While farmers have been planting in fits and starts in pockets of FCSAmerica’s territory, the growing season is expected to start in earnest this week. Across the region, farmers are looking at several days of warm, dry weather -- ideal for catching up on planting after a slow start to the 2015 growing season. Here’s a look at what is happening this season across our territory:
No surprises here. The majority of fields are being planted in corn. But soybeans could gain some ground as farmers look for cost savings. In South Dakota, some western-area farmers are planting more spring wheat and oats. Farmers in the McCook area of Nebraska suffered winter kill in their winter wheat fields and are planting more milo.
While this number is producer dependent, it’s safe to say that most farmers are going into the fields this spring bracing for a challenging year. Current grain prices are below most producers’ break-evens. In west-central Nebraska, break-evens for corn range from $3.70 to $4.25. For soybeans, producers’ break-evens vary from $8.50 to $9.50. In Iowa, producers generally cite break-evens in the $4 range for corn and $9 for soybeans. As a general rule, corn prices need to climb at least 50 cents and soybeans by a $1 to avoid losses in the 2015 growing season.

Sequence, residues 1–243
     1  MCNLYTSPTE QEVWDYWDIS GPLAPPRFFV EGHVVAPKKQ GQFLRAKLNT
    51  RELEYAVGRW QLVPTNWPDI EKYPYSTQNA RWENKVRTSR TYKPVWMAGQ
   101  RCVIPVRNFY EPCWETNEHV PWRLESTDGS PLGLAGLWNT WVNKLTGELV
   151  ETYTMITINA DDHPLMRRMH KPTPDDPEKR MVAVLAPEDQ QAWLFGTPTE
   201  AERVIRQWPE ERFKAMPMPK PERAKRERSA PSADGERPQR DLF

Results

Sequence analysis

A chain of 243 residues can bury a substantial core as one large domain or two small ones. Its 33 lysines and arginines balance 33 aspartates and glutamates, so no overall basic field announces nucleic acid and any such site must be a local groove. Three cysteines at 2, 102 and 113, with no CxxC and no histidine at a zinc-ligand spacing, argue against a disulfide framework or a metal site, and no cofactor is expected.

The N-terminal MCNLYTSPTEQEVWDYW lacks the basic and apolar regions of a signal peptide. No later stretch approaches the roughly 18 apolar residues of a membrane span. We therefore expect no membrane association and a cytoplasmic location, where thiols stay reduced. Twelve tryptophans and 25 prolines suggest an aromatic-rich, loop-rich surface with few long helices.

Iowa farmers enter the growing season with good moisture in the subsoil. Planting picked up in recent days in much of western Iowa. A swath of eastern Iowa still had soil temperatures below 50 degrees on Sunday, and farmers were itching to get started this week on their planting. The USDA reported today that 14 percent of Iowa’s corn was in the ground compared to an average of 24 percent in past years.
Corn planting started in northeast Nebraska last week and continued through the weekend. Moisture conditions in the area were considered ideal. West-central farmers were stalled by cooler ground temperatures. Nebraska farmers have about 16 percent of their corn crop planted – slightly below the average of 17 percent for this point in the planting season.
South Dakota farmers in the Yankton and Sioux City area have benefitted from spring rains. But those farming to the north and west are looking at dry conditions. Planting has progressed at a good clip. Sixteen percent of the corn crop is planted, nearly double the 9 percent average for this time of year.
In Wyoming, malt barley planted in early April is in good condition. Sugar beets last week were 70 percent planted. Spring started off dry, but rains – and snow – arrived in April to provide much needed moisture.
Weather conditions were nearly ideal in both Wyoming and west-central Nebraska. Cow calving and lambing went well, with high survival rates across the region.